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Discussion Starter · #1 ·
Although I was happy with the stock fence on the 4512, I happen to not be too far away from the Vega factory. Randy, the #2 guy there (super cool dude), made me a deal for coming out to visit the factory and get it that I couldn't pass up. I do wish I would have brought my camera because that place was a fascinating view of manufacturing history.


Here is the box I lugged into the basement where it sat for a couple of months while I finished a flooring project. The wait was pure agony:


My starting point with the stock fence:


Attaching the fence was a breeze. For the rear rail I was able to use one of the pre-existing mounting holes but had to drill a new one for the second mount point.


Next step - attach my outfeed table. Both rails on the Vega had 2 steel plates (each) bolted on that are meant to support an extension wing. I only needed the 2 at the end since I didn't need the middle 2 to support the CI wing I have.


Then for the outfeed table anchoring points, I attached the 2 unneeded plates to be rear facing. The left plate used the existing holes, I just turned it to face outwards. The right plate I drilled and tapped 2 new mounting holes. I cut some wood shims that I use to control the table height as well as secure the table to the saw.

And attached:


Since the Pro 40 rails were longer than the stock rails I had more space and so I built a new extension instead of reusing the old one. Here is the final product:


I still need to route mitre slots in the outfeed but I'll do that when I actually need them. The fence is amazing; it is so overbuilt it's like industrial art. I don't foresee ever replacing the 4512 as I am far too fond of it's performance (particularly after converting it to 220V), however if I do (I am a tool acquiring junkie) I will always put the Vega on the new saw. After using the micro-adjust, there's no going back for me.

Vega is actually a small shop from a personnel standpoint. Randy runs the factory but also does all the tech support personally. He's second only to the owner and yet he carried the boxed Pro 40 and loaded it in my car personally! They don't make them like him anymore.
 

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Did converting it to 220 really make that much difference? I have a 4512 myself and I was thinking about changing it to 220 but I wasn't sure if it will be worth it. How does it perform differently?
 

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Did converting it to 220 really make that much difference? I have a 4512 myself and I was thinking about changing it to 220 but I wasn't sure if it will be worth it. How does it perform differently?
Every circuit is a different, so the results will be different for every situation. Depending on the particulars of your given circuit, your motor, and how well the circuit is able to supply full amperage under heavy load, 220v tends to have less voltage drop because the load is shared across two hot leads instead of one. On a marginal 110v circuit (which is a lot of them), switching to 220v can result in faster startups and faster recovery times from lugging, which in turn can make the saw seem more powerful (truth is that it's doing what it should have been doing all along....to be clear, there is no horsepower gain by switching, just the perception that the motor is snappier....there's also no significant electricity cost savings). The motor may also run cooler on a 220v circuit, because voltage drops can cause excess heat to the motor coils, which can in turn help the motor last longer.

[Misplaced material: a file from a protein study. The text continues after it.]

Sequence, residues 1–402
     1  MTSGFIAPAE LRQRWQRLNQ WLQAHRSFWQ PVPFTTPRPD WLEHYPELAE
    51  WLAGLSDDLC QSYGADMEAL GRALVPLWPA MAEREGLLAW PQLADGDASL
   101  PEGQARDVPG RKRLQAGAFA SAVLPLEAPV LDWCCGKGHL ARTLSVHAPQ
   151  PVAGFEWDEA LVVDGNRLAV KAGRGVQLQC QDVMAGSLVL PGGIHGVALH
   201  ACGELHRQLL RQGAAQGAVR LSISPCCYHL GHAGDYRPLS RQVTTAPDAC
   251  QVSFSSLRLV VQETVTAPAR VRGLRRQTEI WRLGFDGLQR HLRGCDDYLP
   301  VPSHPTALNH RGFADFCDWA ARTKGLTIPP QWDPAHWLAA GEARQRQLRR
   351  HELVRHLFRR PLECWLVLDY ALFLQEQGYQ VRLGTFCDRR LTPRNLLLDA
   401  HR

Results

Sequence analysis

If you have 220v readily available, there's minimal cost and risk to your saw in making the switch. If 220v is not readily available, whether or not to pursue it would depend largely on how well the saw is performing on the current 110v circuit....if all is well, it's probably not worth doing....a suitable 110v circuit should be fine.

Congrats on the new fence!
 

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Did converting it to 220 really make that much difference? I have a 4512 myself and I was thinking about changing it to 220 but I wasn't sure if it will be worth it. How does it perform differently?
I use R4512 with 220v. So far I don't remember any single example when saw was struggling to rip a stock (even resawing 4 inch hard-maple board). I have good rip blades. But I used the saw on 100v for 30 minutes (rewired it almost at same day of assembly). So I could not say if there is a difference for sure.
 

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Discussion Starter · #6 ·
Did converting it to 220 really make that much difference? I have a 4512 myself and I was thinking about changing it to 220 but I wasn't sure if it will be worth it. How does it perform differently?
What changed for me:
- faster startup
- quicker recovery
- harder to bog down in tougher/longer cuts
Overall just runs smoother.
 
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